With Donald Trump set to enter the Oval Office, Vice President-elect Michael Pence seems likely to shape the federal role in education for the next four years. As a former governor who made school reform a top priority, Pence will interpret the Every Student Succeeds Act (ESSA) as a barrier to federal oversight of state and local decisions. Testing will continue but how to respond to test results will be left to the states. The lowest-performing schools will be identified but the federal government will be reluctant to instruct states as to the steps that need to be taken to improve them. Regulations on how districts allocate their own funds to schools that are currently under consideration by Obama’s team will be withdrawn.
Trump’s appointment of a new member of the Supreme Court will constitute his major contribution to education reform. With a conservative replacement for the late Antonin Scalia, the Court will not entertain efforts to overturn two of the late twentieth century’s biggest decisions—Milliken (leaving de facto segregation intact) and Rodriguez (denying constitutional status to equal-funding claims). Yet it may well seek out another opportunity to prevent teachers unions from collecting fees from non-members, an issue that evenly divided the Court this summer.
The Obama Administration’s propensity to legislate “by pen and phone” will give Trump many opportunities to change direction quickly. Letters from the Education Department’s Office of Civil Rights to school district officials, warning them that the prosecutorial weight of the federal government will be employed if they do not justify disparities in discipline rates and resources across racial and ethnic lines, will be withdrawn or simply ignored.
Trump and Pence will probably facilitate a broadening of pre-school education. Providing additional support for parents with young children is too popular with middle-class families to be ignored. But college students should plan to pay for their own education in the years to come. The federal government is not going to backstop their debts.
Federal funding for K-12 education—in real-dollar terms—will continue to slide gently downward. Congress will come under no pressure to reverse a trend underway since 2010.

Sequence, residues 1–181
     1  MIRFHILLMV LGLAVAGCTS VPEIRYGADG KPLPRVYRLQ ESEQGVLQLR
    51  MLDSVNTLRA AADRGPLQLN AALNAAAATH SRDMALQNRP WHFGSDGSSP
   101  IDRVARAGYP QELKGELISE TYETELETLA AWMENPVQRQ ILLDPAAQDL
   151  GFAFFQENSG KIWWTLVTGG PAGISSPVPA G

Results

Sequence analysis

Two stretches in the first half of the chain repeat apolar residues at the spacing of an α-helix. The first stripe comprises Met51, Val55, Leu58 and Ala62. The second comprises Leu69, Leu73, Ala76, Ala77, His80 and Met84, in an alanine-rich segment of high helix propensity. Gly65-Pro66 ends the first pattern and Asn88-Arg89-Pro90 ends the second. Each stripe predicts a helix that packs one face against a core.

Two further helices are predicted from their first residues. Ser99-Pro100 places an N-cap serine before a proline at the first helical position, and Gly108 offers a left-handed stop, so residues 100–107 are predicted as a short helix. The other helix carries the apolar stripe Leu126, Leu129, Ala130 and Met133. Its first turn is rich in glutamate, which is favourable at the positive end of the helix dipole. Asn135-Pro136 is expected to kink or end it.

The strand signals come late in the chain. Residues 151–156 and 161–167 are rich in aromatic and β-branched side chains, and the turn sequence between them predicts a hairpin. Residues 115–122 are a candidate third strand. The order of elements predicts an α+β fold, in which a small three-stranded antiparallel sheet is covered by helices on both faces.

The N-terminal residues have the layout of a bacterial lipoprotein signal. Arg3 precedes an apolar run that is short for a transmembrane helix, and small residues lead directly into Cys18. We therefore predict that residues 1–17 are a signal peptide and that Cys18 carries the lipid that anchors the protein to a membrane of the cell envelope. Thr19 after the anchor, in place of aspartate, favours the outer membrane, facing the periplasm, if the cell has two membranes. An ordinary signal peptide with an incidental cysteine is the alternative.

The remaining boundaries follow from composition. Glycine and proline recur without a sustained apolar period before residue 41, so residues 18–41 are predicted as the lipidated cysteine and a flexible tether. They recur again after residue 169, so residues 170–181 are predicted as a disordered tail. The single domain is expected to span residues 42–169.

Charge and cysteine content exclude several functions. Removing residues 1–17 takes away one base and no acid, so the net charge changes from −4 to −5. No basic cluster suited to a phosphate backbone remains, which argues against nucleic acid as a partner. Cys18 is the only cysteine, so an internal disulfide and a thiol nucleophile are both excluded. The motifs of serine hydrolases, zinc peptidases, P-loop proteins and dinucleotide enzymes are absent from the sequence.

Nor should the school choice movement expect much from Washington. Charters will continue to get some start-up money. The Washington D. C. school voucher program will be revived.
But the real battle for school choice will take place in the states—under circumstances that can suddenly turn unfavorable to school reformers. Already, unions have targeted charters as the major threat to the district-union monopoly, and unions can be expected to redouble their efforts in the coming years. Off-year elections are bad occasions for the party that commands the Oval Office. Democrats, furious at what seems to them to have been a last-minute loss in 2016, will organize for a comeback in 2018, while Republicans will be divided between the mainstream party faithful and the Trump-aided Tea Party faction.
Unless major steps are taken immediately—and nothing on the horizon suggests strong gubernatorial or other high-level political leadership on education—the reform agenda will be buried. Charter expansion, teacher tenure reform, merit pay, and school accountability will all face tough sledding is most states.
Digital learning is the one arena where new developments are likely, whatever the political situation. Technological innovation is embraced by leaders on both sides of the political aisle, and lawmakers may look here for ways to build a consensus that can offer new opportunities for students.
Paul E. Peterson is the Henry Lee Shattuck Professor of Government and Director of the Program on Education Policy and Governance at Harvard University, a Senior Fellow at the Hoover Institution at Stanford University, and Senior Editor of Education Next.